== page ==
• Mereel1138

      That only means that it’s part of the litany of mass shootings we’ve seen in the 14 years since Columbine and not the constant drone of poor-on-poor violence.

      Or is this one somehow different from Aurora, CO or Oikos U. in Oakland, CA or Chardon HS in Chardon, OH or Tucson, AZ, or……any number of other attacks that claimed “children with futures”.

      The story not reported on is on the deep-seated racism we’ve become comfortable with that makes it acceptable to talk about how white middle-class victims matter and (if you’re feeling drunk on idealism) can change things and how black and poor victims are just a fact of life.

      Now, if this had, heaven forbid, happened at Sidwell Friends in DC, that would be a different story and might have actually provoked a change for the better. Perversely enough, it’s much the same as with the draft; until those in power feel it could be their own children in harm’s way they won’t act.

  • John Edwin Mason

    Yes, these photos and the situation that they show us have probably become cliches. But, despite being overly familiar, they still have the power to move us profoundly. Many people wept when they saw videos and photos from Newtown. (My eyes misted when I looked at Chin’s just now.) Many felt outrage, as well. Surprisingly many people are demanding stricter gun laws after having looked. And some are asking deeper questions about the nature of the country in which we live.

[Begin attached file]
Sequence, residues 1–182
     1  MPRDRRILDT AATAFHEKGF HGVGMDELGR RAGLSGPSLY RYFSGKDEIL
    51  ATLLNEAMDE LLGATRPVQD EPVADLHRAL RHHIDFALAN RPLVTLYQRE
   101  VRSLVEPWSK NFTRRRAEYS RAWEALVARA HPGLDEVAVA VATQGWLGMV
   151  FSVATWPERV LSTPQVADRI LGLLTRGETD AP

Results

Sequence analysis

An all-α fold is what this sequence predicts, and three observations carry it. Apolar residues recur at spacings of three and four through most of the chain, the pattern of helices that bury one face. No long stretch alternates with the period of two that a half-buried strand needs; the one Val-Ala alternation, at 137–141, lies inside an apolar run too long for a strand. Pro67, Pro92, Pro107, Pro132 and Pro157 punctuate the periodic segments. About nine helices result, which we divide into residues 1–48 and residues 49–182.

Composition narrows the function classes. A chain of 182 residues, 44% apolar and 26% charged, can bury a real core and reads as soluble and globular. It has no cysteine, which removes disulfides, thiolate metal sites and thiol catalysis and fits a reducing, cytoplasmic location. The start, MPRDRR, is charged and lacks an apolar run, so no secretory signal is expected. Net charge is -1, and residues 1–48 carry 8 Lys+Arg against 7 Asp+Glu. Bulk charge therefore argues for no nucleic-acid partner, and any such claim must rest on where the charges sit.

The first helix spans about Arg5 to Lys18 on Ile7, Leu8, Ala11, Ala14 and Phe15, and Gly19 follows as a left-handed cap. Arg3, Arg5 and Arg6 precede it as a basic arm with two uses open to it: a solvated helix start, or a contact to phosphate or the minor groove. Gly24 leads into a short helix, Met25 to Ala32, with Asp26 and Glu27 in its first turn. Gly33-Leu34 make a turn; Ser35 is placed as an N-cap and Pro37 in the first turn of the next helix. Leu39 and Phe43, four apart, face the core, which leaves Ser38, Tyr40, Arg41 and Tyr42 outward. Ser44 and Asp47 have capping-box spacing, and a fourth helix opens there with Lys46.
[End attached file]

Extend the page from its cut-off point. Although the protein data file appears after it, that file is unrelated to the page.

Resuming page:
I don’t think it’s familiarity or redundancy that gives these photos their power personally and politically. These and photos from Virginia Tech and Columbine and the eastern Congo allow us to make an emotional connection with those who are suffering. Sometimes, perhaps, it’s empty emotion. But not always. And, I hope, not now.

  • Cactus

    Not being one to dwell on mass tragedies such as this, I will say that what
    I noticed in Alan’s photos is that the parents are not just holding the hand of
    their children, as usual in crowds, they are enfolding the entire child, as if
    to protect them from everything while realizing, I’m sure, that they cannot
    do exactly that. Alan’s photos bring out the pathos in that community so well.
    If it’s a cliche, it’s because we have had too many of these incidents lately.

    The wall-to-wall coverage by almost all TV (even c-Span) tends, after
    while, to become sentimental and repetitive. I wonder if all that is dulling
    the impact on the public and making the logical reaction impossible. I’ve heard
    at least two commentors compare this to the ’shoe bomber’ in the reaction of the
    government. After the SB was caught, within days we all had to take off our
    shoes before getting on an airplane. After every mass shooting, including this
    one, all the pols and media types are saying now is not the time to talk about
    such things. My question is what makes a pair of tennis shoes more important
    than a 5-year-old child?